Drug War on the Web


Last month, when Citigroup bought Banamex, the second largest bank in Mexico, the deal was praised as good for the Mexican people and good for the banks. Citigroup vice chairman Robert Rubin told the press that the deal was the result of an overture from Banamex chairman Roberto Hernández Ramirez, who is worth $1.3 billion and has been promised a seat on the Citigroup board. On May 18, The New York Times faithfully regurgitated Hernández’s rags-to-riches success story.

But the fruit vendor turned billionaire has a dark side. According to statements made in 2000 by Al Giordano, publisher of the Mexican-based, Hernández has also been called a money launderer and a drug dealer. Giordano says he has reviewed published photos and testimony suggesting that Hernández has shared his Yucatán beachfront with the boats and planes of the cocaine trade.

Hernández has denied the allegations since they were first reported in 1997 by the Mexican newspaper Por Esto! Last summer, after failing in his efforts to get Por Esto! prosecuted in Mexico, the banker decided to sue his critics in New York. He hired Akin Gump Strauss Hauer & Feld, a firm that has represented alleged money launderers in the past, to file a libel suit on behalf of Banamex. His lawyer calls the portrayal of Hernández and Banamex as drug traffickers “utterly false,” and claims that Giordano’s comments “injured Banamex’s business reputation”—a conclusion which seems especially odd now that Banamex has been snapped up by Citigroup for $12.5 billion.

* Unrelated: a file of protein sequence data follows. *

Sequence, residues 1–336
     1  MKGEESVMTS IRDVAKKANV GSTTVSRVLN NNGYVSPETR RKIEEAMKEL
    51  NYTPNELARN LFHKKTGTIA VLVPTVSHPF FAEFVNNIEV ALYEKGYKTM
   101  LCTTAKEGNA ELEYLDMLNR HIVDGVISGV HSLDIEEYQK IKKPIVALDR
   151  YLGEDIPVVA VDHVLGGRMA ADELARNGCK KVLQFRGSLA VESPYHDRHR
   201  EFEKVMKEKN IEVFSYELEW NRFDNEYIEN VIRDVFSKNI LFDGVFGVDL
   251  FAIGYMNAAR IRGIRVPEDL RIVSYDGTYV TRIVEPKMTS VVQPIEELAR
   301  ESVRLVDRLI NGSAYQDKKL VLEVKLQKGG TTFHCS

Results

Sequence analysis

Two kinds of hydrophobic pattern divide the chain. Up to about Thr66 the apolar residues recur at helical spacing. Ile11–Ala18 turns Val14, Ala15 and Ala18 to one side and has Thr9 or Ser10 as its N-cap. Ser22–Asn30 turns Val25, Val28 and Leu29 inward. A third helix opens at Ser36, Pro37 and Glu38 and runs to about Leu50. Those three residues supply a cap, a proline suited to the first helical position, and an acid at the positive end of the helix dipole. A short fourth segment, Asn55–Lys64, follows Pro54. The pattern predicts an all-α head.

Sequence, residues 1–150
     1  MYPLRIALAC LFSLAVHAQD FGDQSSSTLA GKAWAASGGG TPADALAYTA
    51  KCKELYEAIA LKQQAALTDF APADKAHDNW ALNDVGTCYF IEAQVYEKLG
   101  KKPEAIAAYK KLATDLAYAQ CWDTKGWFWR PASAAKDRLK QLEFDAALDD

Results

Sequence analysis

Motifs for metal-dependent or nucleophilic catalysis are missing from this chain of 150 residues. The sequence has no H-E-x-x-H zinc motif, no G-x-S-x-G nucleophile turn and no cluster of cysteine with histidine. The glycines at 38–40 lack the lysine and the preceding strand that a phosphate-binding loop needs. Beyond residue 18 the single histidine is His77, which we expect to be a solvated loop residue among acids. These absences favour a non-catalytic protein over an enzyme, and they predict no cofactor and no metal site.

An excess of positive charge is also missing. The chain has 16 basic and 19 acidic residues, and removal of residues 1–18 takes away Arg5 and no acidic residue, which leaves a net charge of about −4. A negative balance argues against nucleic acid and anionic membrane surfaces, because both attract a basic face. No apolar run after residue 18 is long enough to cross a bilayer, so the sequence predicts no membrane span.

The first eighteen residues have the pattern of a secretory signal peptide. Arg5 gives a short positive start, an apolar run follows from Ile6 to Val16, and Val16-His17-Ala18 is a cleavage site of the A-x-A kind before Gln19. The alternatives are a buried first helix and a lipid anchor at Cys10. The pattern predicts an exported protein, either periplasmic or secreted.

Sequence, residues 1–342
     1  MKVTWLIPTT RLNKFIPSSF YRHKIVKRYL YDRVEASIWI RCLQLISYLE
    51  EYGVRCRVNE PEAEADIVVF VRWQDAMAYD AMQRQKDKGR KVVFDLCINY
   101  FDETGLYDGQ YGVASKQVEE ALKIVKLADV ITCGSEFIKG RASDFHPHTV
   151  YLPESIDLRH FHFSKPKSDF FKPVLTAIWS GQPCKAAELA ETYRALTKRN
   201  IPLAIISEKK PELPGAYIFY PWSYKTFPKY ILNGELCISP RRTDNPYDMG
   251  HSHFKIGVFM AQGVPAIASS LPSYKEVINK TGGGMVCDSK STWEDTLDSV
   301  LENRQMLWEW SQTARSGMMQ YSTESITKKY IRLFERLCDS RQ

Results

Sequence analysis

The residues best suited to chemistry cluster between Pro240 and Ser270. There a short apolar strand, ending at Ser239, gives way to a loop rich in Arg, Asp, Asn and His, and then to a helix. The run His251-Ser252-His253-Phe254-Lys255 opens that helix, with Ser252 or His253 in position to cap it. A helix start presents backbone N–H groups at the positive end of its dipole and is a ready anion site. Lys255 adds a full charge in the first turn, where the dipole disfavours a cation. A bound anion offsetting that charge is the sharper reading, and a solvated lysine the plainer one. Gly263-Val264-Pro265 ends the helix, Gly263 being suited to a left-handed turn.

Wherever he found his money, Hernández has enough of it to sue Narco News for years—or at least until the Web site shuts down. But it would be a mistake to underestimate my friend Giordano, a respected reporter and activist who plans to defend himself against the libel charges. In what is shaping up to be the summer’s most entertaining media trial, Giordano will appear in New York State Supreme Court on July 20, where he plans to throw curve balls during the first round of oral arguments in the case.

In his motion to dismiss, Giordano chronicles his lifelong commitment to free speech and claims that every one of his supposedly libelous statements is what the courts call an opinion, because in each case he cited the facts on which his opinion was based. Via e-mail, Giordano wrote that the opinion defense has solid precedents, including a case in which an umpire sued Yankees owner George Steinbrenner for mocking his calls as “ludicrous” and incompetent. Because Steinbrenner referred to specifics to back up his opinion, his statement was found to be not defamatory. Giordano says, “We razzed the umpire—in this case, the government, which leaves certain white-collar traffickers alone.”

Attorney Thomas Lesser, who represents Narco News, also filed a motion to dismiss, arguing that the court cannot allow Banamex to sue the Web site in New York for content uploaded in Mexico. According to Lesser, that would be tantamount to giving any libel plaintiff permission to sue any Web site anywhere in the world—a precedent that would seriously threaten free speech.

In its response, Akin Gump calls Lesser’s argument a “straw man” and paints Giordano as having superhuman powers to raise money and affect public opinion. The plaintiff also claims jurisdiction in New York because Giordano has business contacts and does fundraising here.